Wednesday, July 16, 2014


I like what Jackson Pollock said about his splashing and splattering paint on his canvasses on the floor. He liked not having complete control of the outcomes. Such is the case with shooting fireworks--but therein lies the challenge. 
I always say that photography is more art than science. My right brain shakes hands with my left brain and says, "Hey. I've got an idea, and this is what I need from you."

Let's start with the idea. The idea for me is to get, during the 30 minutes or so of fireworks displays, single, double, and even triple exposures. In other words, photograph single bursts in the sky, maybe two different bursts in the same "frame," and even three bursts in the same "frame." So, what what does my right brain tell my left brain to do? Here are the steps.
1) Tripod-- this is a must. I prefer a user-friendly ball head on my tripod.
2) Lens: Depends on how far I am from the fireworks and whether I'm going to include any foreground or just the 'works up in the sky. This year I used my 17mm-50mm because I was close to a lake in Estes Park, Colorado and also close enough to the fireworks that my 50mm could get those close-ups too.
3) ISO-- 100 to minimize "noise" and get more crisp details.
4) F/stop--- f/8 (that seems to be a good standard for me--since the 'works are far enough  from me that I don't need f/16 or higher).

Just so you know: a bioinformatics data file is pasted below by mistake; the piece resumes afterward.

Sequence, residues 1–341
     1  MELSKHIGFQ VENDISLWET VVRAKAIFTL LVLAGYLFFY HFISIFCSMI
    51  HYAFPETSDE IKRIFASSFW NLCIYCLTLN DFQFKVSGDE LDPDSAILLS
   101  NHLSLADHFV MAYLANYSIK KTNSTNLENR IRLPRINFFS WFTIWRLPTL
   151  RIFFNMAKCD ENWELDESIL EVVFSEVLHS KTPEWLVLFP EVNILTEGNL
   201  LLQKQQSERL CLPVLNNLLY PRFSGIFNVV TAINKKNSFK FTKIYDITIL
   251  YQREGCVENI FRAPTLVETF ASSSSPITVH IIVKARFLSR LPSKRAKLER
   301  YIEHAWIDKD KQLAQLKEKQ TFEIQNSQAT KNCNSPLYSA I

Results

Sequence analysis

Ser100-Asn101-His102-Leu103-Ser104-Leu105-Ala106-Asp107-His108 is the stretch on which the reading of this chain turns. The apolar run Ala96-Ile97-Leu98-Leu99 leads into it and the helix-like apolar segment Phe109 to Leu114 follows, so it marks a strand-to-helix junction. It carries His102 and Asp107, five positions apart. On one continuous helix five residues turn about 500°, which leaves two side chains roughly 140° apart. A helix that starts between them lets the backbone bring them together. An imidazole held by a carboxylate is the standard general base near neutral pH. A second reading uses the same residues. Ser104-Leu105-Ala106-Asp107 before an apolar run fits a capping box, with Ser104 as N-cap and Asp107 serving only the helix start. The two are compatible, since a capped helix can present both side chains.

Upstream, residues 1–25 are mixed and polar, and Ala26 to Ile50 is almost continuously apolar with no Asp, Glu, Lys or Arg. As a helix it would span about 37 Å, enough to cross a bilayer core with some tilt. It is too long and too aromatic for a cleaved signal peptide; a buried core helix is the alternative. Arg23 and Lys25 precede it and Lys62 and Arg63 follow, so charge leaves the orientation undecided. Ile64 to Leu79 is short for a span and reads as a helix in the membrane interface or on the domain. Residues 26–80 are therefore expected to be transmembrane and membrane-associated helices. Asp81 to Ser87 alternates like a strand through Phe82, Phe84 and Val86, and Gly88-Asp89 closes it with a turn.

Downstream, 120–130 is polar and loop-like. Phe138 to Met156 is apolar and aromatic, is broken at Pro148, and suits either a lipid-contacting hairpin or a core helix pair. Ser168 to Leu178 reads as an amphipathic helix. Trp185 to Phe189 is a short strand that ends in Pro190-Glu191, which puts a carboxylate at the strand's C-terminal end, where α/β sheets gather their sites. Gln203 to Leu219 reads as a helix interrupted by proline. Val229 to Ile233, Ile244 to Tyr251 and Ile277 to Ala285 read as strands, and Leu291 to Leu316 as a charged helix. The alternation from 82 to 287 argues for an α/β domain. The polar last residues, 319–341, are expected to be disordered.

5) Focus mode-- Manual. Fireworks, because they're moving, will confuse my auto focus and I'll miss some great displays. I just focus roughly where most of the fireworks are coming up--- f/8 will do the rest, i.e., cover most distance changes between bursts.
6) Exposure setting: BULB. Read your manual on how to set your shutter speed to BULB.
7) Cable release-- this is a must to eliminate camera shake caused by depressing the shutter button with my finger.
Now, here's where the fun begins.
8) I use any piece of opaque material as my "shutter"--This year I used three 8.5"x11" pieces of paper folded in half. That allowed me to get some double & triple exposures during the night. This is how I use it as my "shutter."
A) I open the shutter with my cable release and keep it open, but cover my lens with my 
     "shutter"--no light coming in. As soon as the first display shows, I take away my 
     "shutter," i.e., remove my faux shutter and leave it off until the first burst begins to 
     dissipate. Then I quickly put it back (in essence, "close" my "shutter"). Then I release    
     my cable release---I just got my first shot.
B) For my double exposures, I follow the same as above, except I don't release my cable 
     release after the first shot, but I quickly cover my lens with my "shutter" after the first 
     burst. When the second display comes up, I again take away the "shutter" for my 
     second shot, then release my cable release. For my triple exposure, I do the same, 
     except repeat the process two times. 
This technique allowed me to keep my real shutter open for up to 19 seconds for one triple exposure shot without overexposing the end result. Although my real shutter was open for 19 seconds, each of the three exposures really received one to five-second exposures.

And here are some 2014 results from my technique. Try this next time. It's a lot of fun!!
Feel free to contact me if you have any questions.